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What should be done if a person suffers a concussion?

         People with a concussion need to be seen by a doctor. Most people with concussions are treated in an emergency department or a doctor's office. Some people must stay in the hospital overnight for further treatment. Sometimes the doctors may do a CT scan of the brain or do other tests to help diagnose your injuries. Even if the brain injury doesn't show up on these tests, you may still have a concussion.

         Your doctor will send you home with important instructions to follow. For example, your doctor may ask someone to wake you up every few hours during the first night and day after your injury. Be sure to carefully follow all your doctor's instructions. If you are already taking any medicines - prescription, over-the-counter, or "natural remedies" - or if you are drinking alcohol or taking illicit drugs, tell your doctor. Also, talk with your doctor if you are taking "blood thinners" (anticoagulant drugs) or aspirin, because these drugs may increase your chances of complications. If it's all right with your doctor, you may take acetaminophen (for example, TylenolR* or PanadolR*) for headache or neck pain.

What are the danger signs for adults?  

         In rare cases, along with a concussion, a dangerous blood clot may form on the brain and crowd the brain against the skull. Contact your doctor or emergency department right away if, after a blow or jolt to the head, you have any of these danger signs:

*          Headaches that get worse
*          Weakness, numbness, or decreased coordination
*          Repeated vomiting

The people checking on you should take you to an emergency department right away if you:

*          Cannot be awakened
*          Have one pupil - the black part in the middle of the eye - larger than the other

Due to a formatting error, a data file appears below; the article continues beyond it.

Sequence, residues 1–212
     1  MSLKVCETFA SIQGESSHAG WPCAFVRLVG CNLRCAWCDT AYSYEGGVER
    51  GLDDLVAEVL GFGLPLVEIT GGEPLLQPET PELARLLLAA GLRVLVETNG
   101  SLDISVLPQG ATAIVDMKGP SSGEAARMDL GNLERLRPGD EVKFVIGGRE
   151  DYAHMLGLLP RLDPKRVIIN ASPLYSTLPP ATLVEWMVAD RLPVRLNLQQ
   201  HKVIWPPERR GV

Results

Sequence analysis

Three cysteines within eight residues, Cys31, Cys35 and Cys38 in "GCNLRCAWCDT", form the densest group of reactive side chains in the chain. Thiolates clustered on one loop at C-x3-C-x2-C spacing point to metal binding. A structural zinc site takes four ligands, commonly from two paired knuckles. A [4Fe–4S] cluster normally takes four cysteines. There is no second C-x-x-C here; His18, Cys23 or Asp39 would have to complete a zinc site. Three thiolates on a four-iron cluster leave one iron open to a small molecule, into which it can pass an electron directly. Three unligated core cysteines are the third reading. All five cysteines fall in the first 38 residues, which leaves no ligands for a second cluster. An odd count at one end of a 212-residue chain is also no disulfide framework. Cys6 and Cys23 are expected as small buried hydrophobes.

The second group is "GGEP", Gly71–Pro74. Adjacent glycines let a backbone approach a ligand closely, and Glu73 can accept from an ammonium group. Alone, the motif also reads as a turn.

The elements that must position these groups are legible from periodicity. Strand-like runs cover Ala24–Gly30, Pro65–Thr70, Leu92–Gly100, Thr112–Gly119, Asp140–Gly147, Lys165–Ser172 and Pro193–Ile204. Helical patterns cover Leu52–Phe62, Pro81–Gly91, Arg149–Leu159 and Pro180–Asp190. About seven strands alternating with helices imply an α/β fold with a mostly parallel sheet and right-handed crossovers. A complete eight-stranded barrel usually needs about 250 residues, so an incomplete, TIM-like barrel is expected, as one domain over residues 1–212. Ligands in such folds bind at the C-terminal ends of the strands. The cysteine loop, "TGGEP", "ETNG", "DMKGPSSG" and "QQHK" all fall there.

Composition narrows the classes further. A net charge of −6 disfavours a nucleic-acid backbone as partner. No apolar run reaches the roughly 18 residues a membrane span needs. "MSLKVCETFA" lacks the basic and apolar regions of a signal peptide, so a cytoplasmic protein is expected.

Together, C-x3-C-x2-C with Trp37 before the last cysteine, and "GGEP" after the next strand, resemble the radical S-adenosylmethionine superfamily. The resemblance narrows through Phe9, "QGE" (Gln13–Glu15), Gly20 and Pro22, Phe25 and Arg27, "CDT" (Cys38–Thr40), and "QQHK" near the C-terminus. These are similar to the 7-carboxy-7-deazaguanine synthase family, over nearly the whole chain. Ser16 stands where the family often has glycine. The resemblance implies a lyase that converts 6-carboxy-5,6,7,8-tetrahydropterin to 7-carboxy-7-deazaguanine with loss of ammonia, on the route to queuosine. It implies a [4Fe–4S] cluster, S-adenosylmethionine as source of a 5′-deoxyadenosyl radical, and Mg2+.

*          Have convulsions or seizures
*          Have slurred speech
*          Are getting more and more confused, restless, or agitated

What are the danger signs for children?

Take your child to the emergency department right away if the child has received a blow or jolt to the head and:

*          Has any of the danger signs for adults listed above
*          Won't stop crying
*          Can't be consoled
*          Won't nurse or eat

         Although you should contact your child's doctor if your child vomits more than once or twice, vomiting is more common in younger children and is less likely to be an urgent sign of danger than it is in an adult. 

What are some of the common symptoms?

         The type of brain injury called a concussion has many symptoms. These symptoms are usually temporary, but may last for days, weeks, or even longer. Generally, if you feel that "something is not quite right," or if you're "feeling foggy," you should talk with your doctor.

Here are some of the symptoms of a concussion:  

*          Low-grade headaches that won't go away
*          Having more trouble than usual:
*          Remembering things
*          Paying attention or concentrating
*          Organizing daily tasks
*          Making decisions and solving problems
*          Slowness in thinking, acting, speaking, or reading
*          Getting lost or easily confused
*          Neck pain

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